The two-colors ratio calculating unit 104 sequentially updates the position of the pixel X of interest within a tile and obtains the number (F) of times that the presence of two colors is determined. Upon completion of scanning within one tile, the two-colors ratio calculating unit 104 obtains the ratio of the number F of times to the total number of pixels (Tw×Th) included in the tile as a two-colors ratio Cr, and outputs it to the pattern determination unit 107.


Cr=F/(Tw×Th)

Note that when the pixel X of interest is on the first line or at the start or end position of each line, some of the surrounding pixels Xa, Xb, Xc, and Xd indicate positions outside the tile. Assume that the respective components R, G, and B of each surrounding pixel outside the tile are regarded to have a predetermined value (e.g., “0”).

The antenna 105 comprises a counter Ct which is cleared to “0” at the start of processing for one tile. The continuous pixel ratio calculating unit 105 then reads the pixel data of one tile stored in the tile buffer 103 in raster scan order, and increments the counter Ct by “1” when the pixel X of interest has the same value as that of the immediately preceding pixel Xa. After the end of scanning of one tile, the continuous pixel ratio calculating unit 105 obtains a ratio Rr of the value of the counter Ct to the total number of pixels (Tw×Th) included in the tile according to the following equation and outputs the ratio Rr to the pattern determination unit 107. Note that the ratio Rr indicates the ratio of the continuity of the same color and hence will be referred to as a run ratio Rr.


Rr=Ct/(Tw×Th)

Note that the continuous pixel ratio calculating unit 105 may calculate a continuous pixel ratio simultaneously with a two-colors ratio. When the pixel X of interest is at the start position (left end) of each line, the pixel Xa is outside the tile. In this case, as in the case of the two-colors ratio calculating unit 104, the pixel Xa is regarded to have a predetermined color.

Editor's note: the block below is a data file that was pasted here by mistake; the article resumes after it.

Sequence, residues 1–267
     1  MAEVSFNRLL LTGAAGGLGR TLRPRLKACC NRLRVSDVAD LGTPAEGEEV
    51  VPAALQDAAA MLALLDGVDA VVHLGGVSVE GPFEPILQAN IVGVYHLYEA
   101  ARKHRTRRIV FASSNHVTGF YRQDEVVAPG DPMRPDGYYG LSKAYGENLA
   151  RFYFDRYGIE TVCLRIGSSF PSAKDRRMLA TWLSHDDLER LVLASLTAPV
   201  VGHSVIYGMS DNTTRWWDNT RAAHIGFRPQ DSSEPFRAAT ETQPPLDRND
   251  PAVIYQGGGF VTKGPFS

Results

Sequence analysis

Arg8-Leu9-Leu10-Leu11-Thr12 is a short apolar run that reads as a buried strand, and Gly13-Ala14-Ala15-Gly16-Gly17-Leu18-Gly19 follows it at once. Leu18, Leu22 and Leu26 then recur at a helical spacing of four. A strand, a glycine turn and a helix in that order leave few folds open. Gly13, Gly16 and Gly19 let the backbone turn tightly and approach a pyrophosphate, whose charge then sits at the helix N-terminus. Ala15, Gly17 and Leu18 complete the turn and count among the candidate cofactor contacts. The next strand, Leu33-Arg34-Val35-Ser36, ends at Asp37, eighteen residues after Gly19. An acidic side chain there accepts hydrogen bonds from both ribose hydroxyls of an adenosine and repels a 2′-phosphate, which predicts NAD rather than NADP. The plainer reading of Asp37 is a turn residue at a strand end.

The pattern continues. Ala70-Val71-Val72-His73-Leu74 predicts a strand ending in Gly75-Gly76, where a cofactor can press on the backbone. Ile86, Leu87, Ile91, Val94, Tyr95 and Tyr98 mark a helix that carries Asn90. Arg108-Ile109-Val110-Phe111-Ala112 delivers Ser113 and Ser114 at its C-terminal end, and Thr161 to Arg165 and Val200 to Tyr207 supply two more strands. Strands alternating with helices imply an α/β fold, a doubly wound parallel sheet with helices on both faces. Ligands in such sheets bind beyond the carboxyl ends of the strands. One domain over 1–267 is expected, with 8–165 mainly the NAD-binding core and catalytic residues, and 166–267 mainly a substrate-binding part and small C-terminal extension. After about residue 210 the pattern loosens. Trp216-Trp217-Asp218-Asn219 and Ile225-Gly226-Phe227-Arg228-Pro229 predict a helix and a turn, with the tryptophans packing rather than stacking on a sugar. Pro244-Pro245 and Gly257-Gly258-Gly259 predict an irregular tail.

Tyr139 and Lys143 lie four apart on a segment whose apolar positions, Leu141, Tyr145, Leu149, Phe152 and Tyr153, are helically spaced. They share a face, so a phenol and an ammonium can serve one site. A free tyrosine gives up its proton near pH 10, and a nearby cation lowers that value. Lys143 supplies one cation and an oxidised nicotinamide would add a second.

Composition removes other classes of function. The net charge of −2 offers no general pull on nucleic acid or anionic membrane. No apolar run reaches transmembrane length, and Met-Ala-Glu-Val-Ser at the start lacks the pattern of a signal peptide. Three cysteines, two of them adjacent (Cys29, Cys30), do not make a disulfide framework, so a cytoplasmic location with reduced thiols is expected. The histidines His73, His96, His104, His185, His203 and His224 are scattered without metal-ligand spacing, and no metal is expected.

The difference calculating unit 106 reads one-tile pixel data stored in the tile buffer 103 in raster scan order and calculates and outputs the difference between each pixel of the image obtained by resolution conversion (or subsampling) of the read image and a corresponding pixel value in the tile buffer. An example of resolution conversion will be described with reference to FIG. 2.

Referring to FIG. 2, reference numeral 20 denotes image data in the tile buffer 103; and 21, image data after resolution conversion.

Assume that one pixel V in the image data 21 after resolution conversion is obtained as the average value of 2×2 pixels V′ before resolution conversion. Letting V(i, j) be a pixel after resolution conversion by using a position (i, j), V(i, j) can be obtained by

V ( i , j ) = { V ( 2 i , 2 j ) + V ( 2 i + 1 , 2 j ) + V ( 2 i , 2 j + 1 ) + V ( 2 i + 1 , 2 j + 1 ) } / 4

A difference value D(i, j) between pixels before and after resolution conversion can be obtained according to

D ( i , j ) = V ( i , j ) - V ( 2 i , 2 j ) + V i , j - V ( 2 i + 1 , 2 j ) + V ( i , j ) - V ( 2 i , 2 j + 1 ) + V ( i , j ) - V ( 2 i + 1 , 2 j + 1 )

(where |x| represents the absolute value of x)

Therefore, a sum total Dt of the differences between all the pixels before and after resolution conversion is given by


Dt=ΣD(i, j)

(where Σ represents the summation of i and j)